Pope John Paul II had Parkinson's Disease.[3][7][8][2] As he aged, he also suffered from osteoarthritis.[8] In February 2005, he was hospitalized with influenza, which was causing trouble breathing. He was released and then admitted again for the same troubles.[8][7] By the end of March, he was admitted for a urinary tract infection which led to septic shock.[8] He was cared for and later passed away at his home in that Vatican from heart failure and complications of the sepsis on 2 April 2005.[8][3][5][6][7][3] He was interred in the Chapel of St. Sebastian, Saint Peter's Basilica, Vatican City, Rome,Italy.[6]

Pope John Paul II's canonization started just one month after his death, the normal five year waiting period waived.[8] Pope John Paul II was beatified on May 1, 2011 in Saint Peter's Square, Vatican City by Pope Benedict XVI.[8] He was canonized April 27, 2014 in Saint Peter's Square, Vatican City by Pope Francis.[8]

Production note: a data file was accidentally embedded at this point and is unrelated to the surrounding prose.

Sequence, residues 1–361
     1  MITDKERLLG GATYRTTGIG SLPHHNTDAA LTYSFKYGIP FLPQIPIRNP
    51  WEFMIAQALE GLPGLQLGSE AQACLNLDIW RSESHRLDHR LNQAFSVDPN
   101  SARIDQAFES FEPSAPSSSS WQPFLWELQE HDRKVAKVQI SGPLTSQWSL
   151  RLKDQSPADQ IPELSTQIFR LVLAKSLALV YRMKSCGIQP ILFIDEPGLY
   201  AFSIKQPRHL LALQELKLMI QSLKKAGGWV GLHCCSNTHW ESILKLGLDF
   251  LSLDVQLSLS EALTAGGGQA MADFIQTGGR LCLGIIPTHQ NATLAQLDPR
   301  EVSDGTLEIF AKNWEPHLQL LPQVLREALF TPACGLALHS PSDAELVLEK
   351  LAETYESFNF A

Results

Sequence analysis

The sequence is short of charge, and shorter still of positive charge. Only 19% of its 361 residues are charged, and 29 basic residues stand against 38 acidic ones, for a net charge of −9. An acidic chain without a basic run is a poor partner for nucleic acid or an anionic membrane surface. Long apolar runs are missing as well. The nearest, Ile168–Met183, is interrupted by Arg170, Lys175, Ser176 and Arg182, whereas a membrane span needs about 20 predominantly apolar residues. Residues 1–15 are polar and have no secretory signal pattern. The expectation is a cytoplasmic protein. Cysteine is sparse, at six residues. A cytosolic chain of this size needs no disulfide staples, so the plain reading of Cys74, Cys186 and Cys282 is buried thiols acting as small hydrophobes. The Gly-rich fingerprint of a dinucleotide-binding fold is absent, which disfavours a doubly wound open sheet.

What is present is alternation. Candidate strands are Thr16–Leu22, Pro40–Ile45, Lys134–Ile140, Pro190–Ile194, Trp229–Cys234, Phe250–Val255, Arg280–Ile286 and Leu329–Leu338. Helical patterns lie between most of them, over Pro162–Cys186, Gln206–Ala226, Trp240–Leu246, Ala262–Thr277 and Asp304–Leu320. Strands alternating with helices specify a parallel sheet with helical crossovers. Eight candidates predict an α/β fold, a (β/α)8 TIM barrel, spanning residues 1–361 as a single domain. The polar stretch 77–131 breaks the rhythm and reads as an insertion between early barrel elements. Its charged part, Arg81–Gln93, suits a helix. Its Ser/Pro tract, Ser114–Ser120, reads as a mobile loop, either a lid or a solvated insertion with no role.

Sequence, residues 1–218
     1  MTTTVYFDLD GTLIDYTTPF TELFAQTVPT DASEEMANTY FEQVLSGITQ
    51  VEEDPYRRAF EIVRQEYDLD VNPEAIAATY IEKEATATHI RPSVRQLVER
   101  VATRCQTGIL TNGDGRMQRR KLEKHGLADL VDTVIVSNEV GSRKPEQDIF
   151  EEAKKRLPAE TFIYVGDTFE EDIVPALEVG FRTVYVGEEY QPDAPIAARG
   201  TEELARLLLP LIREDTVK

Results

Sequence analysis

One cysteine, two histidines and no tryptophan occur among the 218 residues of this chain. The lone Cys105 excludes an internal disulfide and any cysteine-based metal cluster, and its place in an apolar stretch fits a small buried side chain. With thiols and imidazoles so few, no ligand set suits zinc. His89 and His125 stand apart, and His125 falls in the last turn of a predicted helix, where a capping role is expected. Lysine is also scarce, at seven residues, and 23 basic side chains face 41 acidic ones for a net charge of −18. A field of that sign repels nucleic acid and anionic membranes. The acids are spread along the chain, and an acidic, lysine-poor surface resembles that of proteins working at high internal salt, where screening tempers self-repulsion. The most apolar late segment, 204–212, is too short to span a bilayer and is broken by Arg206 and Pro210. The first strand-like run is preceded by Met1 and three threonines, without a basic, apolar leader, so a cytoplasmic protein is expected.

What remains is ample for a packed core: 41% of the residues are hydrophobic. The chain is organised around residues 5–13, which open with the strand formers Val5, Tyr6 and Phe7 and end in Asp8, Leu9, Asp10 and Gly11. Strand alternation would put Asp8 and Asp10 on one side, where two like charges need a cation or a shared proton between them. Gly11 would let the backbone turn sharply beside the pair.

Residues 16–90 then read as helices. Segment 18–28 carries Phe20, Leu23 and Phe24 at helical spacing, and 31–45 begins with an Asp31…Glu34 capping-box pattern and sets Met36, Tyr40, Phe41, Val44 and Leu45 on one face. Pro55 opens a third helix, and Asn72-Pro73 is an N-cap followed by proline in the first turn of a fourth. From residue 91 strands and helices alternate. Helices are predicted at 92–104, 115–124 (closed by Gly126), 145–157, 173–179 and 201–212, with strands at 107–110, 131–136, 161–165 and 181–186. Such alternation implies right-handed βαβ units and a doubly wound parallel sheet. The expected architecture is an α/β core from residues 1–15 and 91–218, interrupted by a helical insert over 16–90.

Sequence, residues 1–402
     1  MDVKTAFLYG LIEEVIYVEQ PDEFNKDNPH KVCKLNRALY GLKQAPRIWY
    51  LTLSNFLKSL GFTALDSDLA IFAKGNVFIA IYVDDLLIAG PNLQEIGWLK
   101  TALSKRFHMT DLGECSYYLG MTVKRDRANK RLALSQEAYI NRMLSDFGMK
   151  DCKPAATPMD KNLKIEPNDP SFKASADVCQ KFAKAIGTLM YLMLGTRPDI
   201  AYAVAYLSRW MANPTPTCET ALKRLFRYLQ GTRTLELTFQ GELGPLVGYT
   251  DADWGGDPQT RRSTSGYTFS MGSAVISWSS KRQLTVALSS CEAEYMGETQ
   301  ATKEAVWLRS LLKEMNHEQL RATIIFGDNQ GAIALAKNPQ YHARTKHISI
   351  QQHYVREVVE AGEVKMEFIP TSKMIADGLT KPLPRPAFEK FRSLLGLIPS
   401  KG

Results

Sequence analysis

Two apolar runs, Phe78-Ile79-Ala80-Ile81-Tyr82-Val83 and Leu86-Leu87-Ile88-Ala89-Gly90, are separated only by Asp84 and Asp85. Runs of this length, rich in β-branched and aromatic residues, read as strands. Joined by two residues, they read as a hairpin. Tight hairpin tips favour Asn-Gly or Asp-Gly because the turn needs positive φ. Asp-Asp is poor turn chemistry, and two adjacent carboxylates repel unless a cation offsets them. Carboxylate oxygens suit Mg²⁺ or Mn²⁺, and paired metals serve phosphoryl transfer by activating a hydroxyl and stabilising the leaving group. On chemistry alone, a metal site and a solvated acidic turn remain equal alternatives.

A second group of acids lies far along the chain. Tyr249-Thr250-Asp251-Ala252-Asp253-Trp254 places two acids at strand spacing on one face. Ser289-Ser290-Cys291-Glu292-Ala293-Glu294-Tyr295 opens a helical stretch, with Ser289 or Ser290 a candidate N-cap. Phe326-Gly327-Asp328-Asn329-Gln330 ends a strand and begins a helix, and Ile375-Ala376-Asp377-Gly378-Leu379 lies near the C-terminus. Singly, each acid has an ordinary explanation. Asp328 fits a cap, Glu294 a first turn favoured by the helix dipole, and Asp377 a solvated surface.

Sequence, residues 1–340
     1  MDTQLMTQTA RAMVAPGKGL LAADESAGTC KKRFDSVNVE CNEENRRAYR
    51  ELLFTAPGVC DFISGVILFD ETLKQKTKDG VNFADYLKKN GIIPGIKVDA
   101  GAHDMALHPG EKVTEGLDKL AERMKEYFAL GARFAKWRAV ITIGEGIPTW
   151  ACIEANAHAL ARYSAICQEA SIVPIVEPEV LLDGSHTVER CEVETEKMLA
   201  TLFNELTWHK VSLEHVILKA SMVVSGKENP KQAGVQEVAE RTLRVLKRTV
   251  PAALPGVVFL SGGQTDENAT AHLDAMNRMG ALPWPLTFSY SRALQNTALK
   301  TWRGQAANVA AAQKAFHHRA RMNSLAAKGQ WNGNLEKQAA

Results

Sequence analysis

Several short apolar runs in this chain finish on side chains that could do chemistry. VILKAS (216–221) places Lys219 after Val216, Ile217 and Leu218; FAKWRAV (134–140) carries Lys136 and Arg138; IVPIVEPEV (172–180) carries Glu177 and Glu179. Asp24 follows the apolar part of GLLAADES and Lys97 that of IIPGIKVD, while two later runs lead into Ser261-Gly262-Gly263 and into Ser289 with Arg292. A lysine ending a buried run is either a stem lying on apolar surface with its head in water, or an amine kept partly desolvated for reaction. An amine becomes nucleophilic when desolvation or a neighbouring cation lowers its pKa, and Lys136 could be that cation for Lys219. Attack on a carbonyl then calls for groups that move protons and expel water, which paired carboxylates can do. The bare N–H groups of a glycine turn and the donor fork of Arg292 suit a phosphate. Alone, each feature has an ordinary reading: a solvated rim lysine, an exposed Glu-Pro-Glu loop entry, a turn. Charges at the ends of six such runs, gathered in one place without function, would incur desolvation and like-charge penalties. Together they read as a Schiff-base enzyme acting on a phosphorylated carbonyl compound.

Sources

  1. 1.00 1.01 1.02 1.03 1.04 1.05 1.06 1.07 1.08 1.09 1.10 1.11 1.12 1.13 1.14 1.15 1.16 1.17 Notable Biographies
  2. 2.0 2.1 2.2 2.3 Whitlock, Craig, "Poles Say Goodbye to National Hero", The Journal News, White Plains New York (originally published in Washington Post), 3 April 2005, page 4a. Accessed via Newspapers.com 11 May 2017.
  3. 3.00 3.01 3.02 3.03 3.04 3.05 3.06 3.07 3.08 3.09 3.10 3.11 3.12 3.13 Stern, Gary, "John Paul II: World mourns as charismatic pope dies at 84", The Journal News, White Plains, New York, pages 1, . Accessed 11 May 2017.
  4. 4.00 4.01 4.02 4.03 4.04 4.05 4.06 4.07 4.08 4.09 4.10 4.11 4.12 Wikipedia Early life of Pope John Paul II